The report is also highly critical of “serious shortcomings in the defamation framework” of the state, noting unusually high jury awards which are completely at odds with much of the rest of Europe. NewsBrands Ireland, whose management committee includes representatives of each of Ireland’s mainstream newspaper publishers (including INM), has warned that the defamation situation means many newspapers “do not take the risk of publishing potentially controversial material given the possibility of high damages awards and the unpredictability for publishers, who cannot reliably ascertain their potential liability pre-publication”.
These factors contribute to creating “a perfect storm which threatens news plurality and undermines the media’s ability to perform its watchdog function”, the report says, adding:
“This report concludes that there are very grave concerns about the situation in Ireland, and the threats to diversity, plurality and freedom of expression.
“We strongly recommend that these concerns be addressed as a matter of urgency and be seen to be addressed.
“It is imperative that safeguards are considered to ensure journalistic and editorial autonomy, to protect and promote plurality in the Irish media market, and to address the ability of powerful media proprietors such as Mr O’Brien to dictate news agendas and stifle newsgathering and reporting concerning their business interests.”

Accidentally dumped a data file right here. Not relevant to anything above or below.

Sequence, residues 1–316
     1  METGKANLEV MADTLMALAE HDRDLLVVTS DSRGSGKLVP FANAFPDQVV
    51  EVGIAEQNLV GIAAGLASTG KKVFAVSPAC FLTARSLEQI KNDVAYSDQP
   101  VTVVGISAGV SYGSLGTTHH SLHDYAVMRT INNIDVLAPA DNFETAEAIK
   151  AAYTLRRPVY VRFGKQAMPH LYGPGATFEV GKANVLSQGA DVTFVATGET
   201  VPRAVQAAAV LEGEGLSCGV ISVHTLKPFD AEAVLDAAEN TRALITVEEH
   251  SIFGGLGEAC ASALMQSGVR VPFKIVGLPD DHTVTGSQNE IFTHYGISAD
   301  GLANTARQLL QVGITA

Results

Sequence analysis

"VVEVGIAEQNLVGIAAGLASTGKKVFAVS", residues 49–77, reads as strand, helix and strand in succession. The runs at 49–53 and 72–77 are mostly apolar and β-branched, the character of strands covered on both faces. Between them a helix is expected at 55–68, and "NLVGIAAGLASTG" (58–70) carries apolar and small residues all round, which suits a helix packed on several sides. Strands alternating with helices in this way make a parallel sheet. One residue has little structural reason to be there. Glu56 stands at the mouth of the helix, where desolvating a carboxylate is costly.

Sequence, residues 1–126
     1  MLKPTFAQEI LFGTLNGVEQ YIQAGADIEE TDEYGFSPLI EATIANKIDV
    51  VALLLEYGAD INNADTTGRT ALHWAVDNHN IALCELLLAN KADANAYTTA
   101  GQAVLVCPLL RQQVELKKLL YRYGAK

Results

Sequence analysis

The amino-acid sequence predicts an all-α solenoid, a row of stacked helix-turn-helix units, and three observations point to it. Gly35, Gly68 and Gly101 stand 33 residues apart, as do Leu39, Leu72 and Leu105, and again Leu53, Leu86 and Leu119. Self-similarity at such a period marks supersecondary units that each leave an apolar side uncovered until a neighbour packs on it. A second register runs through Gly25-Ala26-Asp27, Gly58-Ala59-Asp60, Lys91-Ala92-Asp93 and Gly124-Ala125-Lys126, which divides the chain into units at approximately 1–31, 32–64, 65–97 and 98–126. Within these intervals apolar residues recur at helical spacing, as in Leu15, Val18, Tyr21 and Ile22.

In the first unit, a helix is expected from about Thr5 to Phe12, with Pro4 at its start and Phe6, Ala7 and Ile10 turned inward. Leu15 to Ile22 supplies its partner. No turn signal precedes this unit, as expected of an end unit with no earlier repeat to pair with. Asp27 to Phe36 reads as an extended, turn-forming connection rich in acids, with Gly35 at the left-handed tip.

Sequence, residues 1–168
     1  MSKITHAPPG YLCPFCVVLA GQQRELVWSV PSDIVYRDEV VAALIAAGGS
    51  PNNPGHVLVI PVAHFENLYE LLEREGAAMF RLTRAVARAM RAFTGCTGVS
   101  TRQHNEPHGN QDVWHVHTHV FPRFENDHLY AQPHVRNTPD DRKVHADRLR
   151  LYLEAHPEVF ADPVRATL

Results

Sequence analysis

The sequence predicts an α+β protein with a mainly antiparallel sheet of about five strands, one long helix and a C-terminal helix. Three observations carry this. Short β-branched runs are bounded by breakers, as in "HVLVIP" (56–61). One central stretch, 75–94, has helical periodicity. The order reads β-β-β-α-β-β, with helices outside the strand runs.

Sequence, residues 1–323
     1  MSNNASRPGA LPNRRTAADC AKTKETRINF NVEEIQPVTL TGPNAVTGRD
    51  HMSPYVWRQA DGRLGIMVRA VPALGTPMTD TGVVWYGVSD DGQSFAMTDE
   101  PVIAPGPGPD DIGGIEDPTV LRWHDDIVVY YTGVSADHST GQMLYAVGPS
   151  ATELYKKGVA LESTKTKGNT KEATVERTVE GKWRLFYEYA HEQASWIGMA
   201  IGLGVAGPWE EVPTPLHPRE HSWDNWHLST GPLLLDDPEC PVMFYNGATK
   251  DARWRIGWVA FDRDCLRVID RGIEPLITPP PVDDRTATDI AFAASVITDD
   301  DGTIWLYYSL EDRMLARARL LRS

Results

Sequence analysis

Dublin MEP Lynn Boylan accuses the majority of politicians of balking at the idea of ‘picking a fight with the media’:
“This report is the first step and it clearly sets out that there are no legal barriers to remedying this imbalance. Obviously, the devil is in the detail. We don’t deny it would be difficult. One of the very concrete proposals is a multi-disciplinary commission – as supported by the National Union of Journalists.
“We need to work with all politicians who share our concerns. No politician should be afraid of a proper, robust media – if you’ve nothing to hide then you shouldn’t be afraid of those who seek to find out the truth.”
Lynn says the failure to deal with media ownership in a retrospective manner means that all that has happened is the cementing of the position of one individual while setting up barriers to others who wish to challenge him.
She also calls on Communications Minister Denis Naughten to “be the politician who is courageous enough to take on the thorny issue of media ownership once and for all and deliver the fourth pillar of democracy that Ireland deserves”.
• Dublin MEP Lynn Boylan